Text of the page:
2
$\begingroup$

Suppose that we have a quadcopter weighing 3 kg (without a battery) and a battery (let it be Li-Ion type) weighing 2 kg. With this battery our quad can hover for 20 minutes until the battery runs flat. How much time can it hover with a 4 kg battery (supposedly our quad has enough power to lift it)?

I know it depends on a tons of factors, so I've made some assumptions for the sake of easier calculations. Here's the math:

I've picked a specific energy definition: $S=\frac{Pt}{m_b}$, where P - power drain, mb - battery mass, t - time until full discharge,

and combined it with a static thrust equation from here:

static thrust equation

Here I assume dry aircraft mass (without the battery) to depend linearly on the battery mass (as we need larger, more powerful motors and a larger hull to fit in and lift a larger battery) with a certain multiplier $m_c$:

$m_b=m*m_c$

After the calculation I've got:

$t=Sm_cD\sqrt\frac{\pi\rho m_c}{2m_bg^3}$,

which means we add more battery and have less flight time! Which can't be true, as otherwise we could use a tiny capacitor to fly for hours. I've done this calculations 3 times with 3 different paths and kept getting the same result. Where did I make a mistake? Or what is the real relation between $m_b$ and t?

Added: Can't reply to the comments yet, but I see some confusion and have to explain - it's a pretty general question, I didn't intend it to be of a "check my work" type, but as I did some work actually, I decided to share it, maybe it will help someone and provide a clue of what am I asking about. The main question is in the title, you may use any means to answer it.

$\endgroup$
  • 4
    $\begingroup$ I strongly disagree with the close vote. This is quite on topic. We want to encourage people to think about physics, which is what is being done here. $\endgroup$ – Ross Millikan Mar 26 '16 at 2:19
  • 1
    $\begingroup$ I didn't analysed your approximations; with roughter naive ones I get 28.6 mn. Still, your conclusion is not valid: this is the famous rocket fueling recursive problem, with more fuel requiring even more fuel to carry the rocket + fuel. This is very non linear, so it could happend that more battery doesn't help if the weight grow faster than effective power, and it's untrue that it implies that an epsilon-battery would allow hours (since then the dominant weight is the dead mass of the copter). The curve possibly has a maximum, then decrease with more weight. $\endgroup$ – Fabrice NEYRET Mar 26 '16 at 2:33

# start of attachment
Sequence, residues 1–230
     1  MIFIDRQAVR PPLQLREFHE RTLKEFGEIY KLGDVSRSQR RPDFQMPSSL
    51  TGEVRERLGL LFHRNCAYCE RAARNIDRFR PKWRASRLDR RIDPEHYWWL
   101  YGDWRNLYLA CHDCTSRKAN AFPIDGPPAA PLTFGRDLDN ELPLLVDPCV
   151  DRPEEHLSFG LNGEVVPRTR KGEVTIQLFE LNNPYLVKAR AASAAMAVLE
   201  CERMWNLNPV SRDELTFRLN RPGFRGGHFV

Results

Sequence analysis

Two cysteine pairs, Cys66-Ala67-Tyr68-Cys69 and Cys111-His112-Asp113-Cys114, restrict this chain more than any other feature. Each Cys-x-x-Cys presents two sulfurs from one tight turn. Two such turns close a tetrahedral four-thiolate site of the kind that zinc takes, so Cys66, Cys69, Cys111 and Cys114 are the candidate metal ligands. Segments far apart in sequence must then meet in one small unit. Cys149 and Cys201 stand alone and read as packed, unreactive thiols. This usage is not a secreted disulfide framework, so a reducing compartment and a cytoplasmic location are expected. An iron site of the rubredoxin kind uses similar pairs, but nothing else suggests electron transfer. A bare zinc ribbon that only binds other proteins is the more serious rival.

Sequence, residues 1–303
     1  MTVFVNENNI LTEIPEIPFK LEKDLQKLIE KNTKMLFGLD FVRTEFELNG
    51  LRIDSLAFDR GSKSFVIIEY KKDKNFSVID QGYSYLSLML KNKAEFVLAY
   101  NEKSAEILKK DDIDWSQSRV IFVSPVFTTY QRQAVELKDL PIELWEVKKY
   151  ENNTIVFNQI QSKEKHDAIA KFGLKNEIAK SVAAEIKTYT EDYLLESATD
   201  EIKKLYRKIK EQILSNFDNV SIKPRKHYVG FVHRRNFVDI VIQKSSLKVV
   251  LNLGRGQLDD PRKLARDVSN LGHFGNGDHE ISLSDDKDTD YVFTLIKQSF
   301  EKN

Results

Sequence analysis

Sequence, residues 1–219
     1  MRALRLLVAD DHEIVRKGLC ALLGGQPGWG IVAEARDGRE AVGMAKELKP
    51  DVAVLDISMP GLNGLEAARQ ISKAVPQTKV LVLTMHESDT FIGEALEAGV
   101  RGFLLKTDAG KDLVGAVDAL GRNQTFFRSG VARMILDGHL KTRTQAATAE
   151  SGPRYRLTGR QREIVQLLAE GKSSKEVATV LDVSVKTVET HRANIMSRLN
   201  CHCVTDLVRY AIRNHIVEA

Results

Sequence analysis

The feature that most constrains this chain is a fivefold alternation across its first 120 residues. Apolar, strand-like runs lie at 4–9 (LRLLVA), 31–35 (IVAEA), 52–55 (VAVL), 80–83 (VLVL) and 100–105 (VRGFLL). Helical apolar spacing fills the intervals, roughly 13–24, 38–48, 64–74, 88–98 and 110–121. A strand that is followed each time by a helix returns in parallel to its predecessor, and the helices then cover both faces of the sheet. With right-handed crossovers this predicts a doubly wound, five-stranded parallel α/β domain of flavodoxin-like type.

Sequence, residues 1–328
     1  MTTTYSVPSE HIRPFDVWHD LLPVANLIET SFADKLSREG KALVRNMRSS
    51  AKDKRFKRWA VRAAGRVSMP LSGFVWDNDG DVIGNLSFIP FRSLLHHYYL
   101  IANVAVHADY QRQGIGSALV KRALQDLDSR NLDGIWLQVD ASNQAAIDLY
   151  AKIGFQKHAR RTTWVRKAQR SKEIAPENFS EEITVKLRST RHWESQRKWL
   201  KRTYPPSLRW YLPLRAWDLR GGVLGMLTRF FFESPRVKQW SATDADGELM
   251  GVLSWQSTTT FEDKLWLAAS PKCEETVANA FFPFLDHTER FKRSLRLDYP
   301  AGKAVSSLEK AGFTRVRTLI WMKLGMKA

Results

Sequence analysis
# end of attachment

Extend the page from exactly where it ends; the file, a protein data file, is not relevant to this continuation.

• $\begingroup$ You didn't make a mistake if you get that "larger" isn't necessarily better for flying. There are insects and certainly birds that can fly as long (and as far) as a 747 (just not as fast)... and they do it on a lot less fuel. A rocket, no matter how large you make it, can only hover its initial mass for the time of the specific impulse of its fuel/engine combination, which rarely exceeds 400s. How long something can fly depends mostly on the efficiency of its lifting mechanism and quad-copters are about as inefficient as things can be. Having said that, you certainly got your equation wrong. $\endgroup$ – CuriousOne Mar 26 '16 at 7:40
  • $\begingroup$ @RossMillikan: This is a check my work question which is considered off-topic. $\endgroup$ – Kyle Kanos Mar 26 '16 at 11:32
  • 1
    $\begingroup$ This isn't "check my work." This is "where did my well-reasoned concepts go wrong?" $\endgroup$ – user10851 Mar 26 '16 at 21:46
0
$\begingroup$

If we eliminate the constants from your equation $6$, we get $$m\propto (DP)^{2/3}$$ which says you get flight time for free by increasing $D$. That is silly because increasing $D$ increases the dry mass of the copter. You assumed that dry mass increases linearly with energy storage, which is a reasonable first cut. Under that assumption, the flight time is proportional to $\frac mP$ because the battery mass is proportional to $m$. That gives $$t \propto \frac mP \propto D^{2/3}P^{-1/3}$$ This says, not surprisingly, that we want bigger rotors to lift the bigger battery. We can afford that because we have more dry mass to play with. At this scale the thickness of the blades is probably driven more by manufacturing than by strength, so it doesn't need to increase (yet) with diameter. It is hard to say how fast you can increase $D$ with mass.

$\endgroup$

Your Answer

By clicking “Post Your Answer”, you agree to our terms of service, privacy policy and cookie policy

Not the answer you're looking for? Browse other questions tagged or ask your own question.